True Detective, “Maybe Tomorrow”
I wrote a story once in college and I made sure nothing happened in it. It was for a fiction writing course. I wrote about a family having dinner. I kept all the action as minimal as possible so that when something happened it would blow everyone away. People passed the peas and the chicken, exchanged pleasantries, talked about their day. They exchanged glances, at the very most. I wanted to make it so uneventful that someone knocking over the salt shaker would seem like a bomb went off.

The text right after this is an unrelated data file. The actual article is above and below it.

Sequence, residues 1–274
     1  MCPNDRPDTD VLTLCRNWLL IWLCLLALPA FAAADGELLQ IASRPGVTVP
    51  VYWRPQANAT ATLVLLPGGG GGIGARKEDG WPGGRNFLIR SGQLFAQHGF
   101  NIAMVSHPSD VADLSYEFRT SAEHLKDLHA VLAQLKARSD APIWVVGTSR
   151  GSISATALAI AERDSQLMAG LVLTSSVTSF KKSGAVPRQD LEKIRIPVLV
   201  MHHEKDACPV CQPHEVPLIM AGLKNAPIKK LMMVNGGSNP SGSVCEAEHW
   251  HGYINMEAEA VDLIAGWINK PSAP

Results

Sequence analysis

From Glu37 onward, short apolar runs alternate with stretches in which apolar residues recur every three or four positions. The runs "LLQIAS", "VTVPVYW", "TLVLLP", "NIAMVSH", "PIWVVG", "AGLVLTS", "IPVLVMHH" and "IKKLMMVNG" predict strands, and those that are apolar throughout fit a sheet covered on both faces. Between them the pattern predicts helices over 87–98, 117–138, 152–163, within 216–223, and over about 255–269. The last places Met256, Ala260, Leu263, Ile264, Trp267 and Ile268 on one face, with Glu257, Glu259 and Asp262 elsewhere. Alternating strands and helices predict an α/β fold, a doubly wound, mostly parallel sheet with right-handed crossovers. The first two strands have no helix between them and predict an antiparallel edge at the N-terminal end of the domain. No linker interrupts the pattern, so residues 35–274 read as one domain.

I had indeed a big shocker planned for the end, but the result, predictably enough, was that I put everyone asleep before I could get to it. The story ended up boring as hell. My writing professor sat me down and broke the news to me: writing a story in which nothing happens runs too contrary to the rules of storytelling. Moreover, unless you’re writing Seinfeld, the desire to write something about nothing, and to set the bar for what counts as action so low, stems from huge egoistic overreach: the conviction that, by some stylistic magic, you can transform the insignificant into the interesting. The hard truth is that what’s interesting is what’s interesting, and what isn’t, isn’t.